Centre for Studies in Practical Knowledge, Södertörn University College, Sweden, invites you to the symposium

“Medical technologies and the life world: cultural and ethical perspectives”

At Södertörn University College, Room MB505, 15-16 of November 2007.

For registration and further information, please contact the Centre’s secretary:
Desirée Hakala

tel: (+46) 08 608 41 85

New medical technologies are increasingly transforming the patterns of our everyday life world. The new diagnostic and therapeutic possibilities that contemporary and future medicine offer, transform and question borders between life and death, normality and abnormality, health and illness, in direct and indirect ways. Technologies of assisted reproduction (IVF, PGD) are directed towards the beginning of life and the ability to predict what will happen in its course. Organ transplant techniques and life supporting technologies are directed towards the end of life, i.e. the ability to push the border and make us live longer. Genetics and stem cell research play major roles at both ends of life in promising the knowledge and techniques of starting, predicting and prolonging life in ways we find fit in the future. Neurophysiology offers us ways of understanding and changing our images of selfhood and personality by aid of brain image techniques and antidepressants already today.

Within the discipline of bioethics, philosophers are presently examining the ethical challenges, which the new technologies will bring. This is important work: our ability to handle new technologies – and not let the technologies handle us – will be decisive for the society to come. However, in these epistemological and ethical analyses life world issues are too rarely brought into play in any substantive way. New medical technologies are becoming part of contemporary Western culture by changing the pattern of our everyday life in direct ways, and also by reshaping our images of life, health, personality and the good life in an indirect manner. The aim of this symposium is to bring together excellent scholars from bioethics, medical humanities and social sciences who are taking the cultural aspects of the new technologies seriously and attempt to bring this aspect into their normative analyses.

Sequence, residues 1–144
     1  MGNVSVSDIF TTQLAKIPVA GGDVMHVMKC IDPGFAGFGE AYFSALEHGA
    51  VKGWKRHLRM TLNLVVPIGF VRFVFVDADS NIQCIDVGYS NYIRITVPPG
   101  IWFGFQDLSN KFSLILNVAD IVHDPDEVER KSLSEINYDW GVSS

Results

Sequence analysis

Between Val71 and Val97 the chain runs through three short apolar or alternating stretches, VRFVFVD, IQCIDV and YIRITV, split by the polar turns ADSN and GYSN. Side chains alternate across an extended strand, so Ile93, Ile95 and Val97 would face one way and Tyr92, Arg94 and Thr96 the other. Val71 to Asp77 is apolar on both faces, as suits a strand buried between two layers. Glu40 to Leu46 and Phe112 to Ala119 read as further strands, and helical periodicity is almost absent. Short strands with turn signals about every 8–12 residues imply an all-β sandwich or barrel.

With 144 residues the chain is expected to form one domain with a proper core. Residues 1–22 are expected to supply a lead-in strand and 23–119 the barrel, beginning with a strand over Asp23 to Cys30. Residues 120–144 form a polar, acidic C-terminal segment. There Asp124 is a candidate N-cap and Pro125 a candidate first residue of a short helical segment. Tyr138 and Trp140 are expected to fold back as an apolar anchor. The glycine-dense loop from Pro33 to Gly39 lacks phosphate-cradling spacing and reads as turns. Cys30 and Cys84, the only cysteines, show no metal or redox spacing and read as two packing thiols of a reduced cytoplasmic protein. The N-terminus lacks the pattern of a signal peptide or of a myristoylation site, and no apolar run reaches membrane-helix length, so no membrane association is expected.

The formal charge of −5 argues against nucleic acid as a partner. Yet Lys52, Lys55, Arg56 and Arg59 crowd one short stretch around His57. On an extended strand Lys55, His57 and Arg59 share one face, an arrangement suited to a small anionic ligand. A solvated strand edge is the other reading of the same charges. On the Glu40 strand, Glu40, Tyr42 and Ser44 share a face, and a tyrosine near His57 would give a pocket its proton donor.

The plan for the symposium is to have 10 presentations in the course of two days. Each presentation will be approximately 30-40 minutes long and is to be followed by 15-25 minutes of discussions. The symposium will be summed up by a panel discussion addressing the main theme of the symposium and aiming to bring the perspectives from the different papers together. The aim of the symposium is to create a platform for cultural-ethical studies of new medical technologies, resulting in joint publications and project applications. The different speakers have been chosen, mainly because they have contributed with excellent studies in the field, but also because they represent different disciplines (philosophy, cultural studies, sociology, ethnography, theology), which we aim to bring together in a multidisciplinary approach.


10.00: Andrew Edgar, professor, University of Wales:
”Meanings of genetics: the contribution from humanitites”

11.00: Hub Zwart, professor, University of Nijmegen, The Netherlands:
“Genomics: the human genome project and beyond: implications for self-understanding”

12.00-13.00: Lunch

13.00: Kristin Zeiler, assistant professor, University of Linköping, Sweden:
”Deadly pluralism? On metaphysics, death and pluralistic societies”

14.00: Elin Bommenel, post doc. fellow, University of Lund, Sweden:
“Pushing the limit while advancing science. Legitimacy, credibility and ethics in a medical experiment on human beings in the 1950’s and in our own research of today.”

15.00 Coffee

15.30-16.30: Teresa Kulawik, associate professor, Södertörn University College, Sweden: “Institutionalisation of ethical expertise: the case of national ethical councils in Sweden and Germany”

16.30-17.30: Fredrik Svenaeus, professor, Södertörn University College, Sweden:
“Becoming oneself by way of antidepressants or psychotherapy: what are the ethical issues at stake?”

10.00: Elizabeth Armstrong, associate professor, Princeton University, USA:
“The evolution of fetal personhood”

11.00: Sniff Andersen Nexø, post doc. fellow, University of Copenhagen, Denmark:
“Stages, props, and roles: enacting foetuses as multiple objects.”

12.00: Lunch

13.00: Erik Malmqvist, graduate student, University of Linköping, Sweden:
“Good parents better babies: genetic technologies and the open future restriction”

14.00: Björn Hofmann, adjunct professor, Oslo University, Norway:
“Analogies in conceiving technology: The role of everyday life analogies in comprehending new technologies and technological analogies in understanding everyday life”

15.00 Coffee

15.30-16.30: Panel discussion: themes and plans for future research 

Share →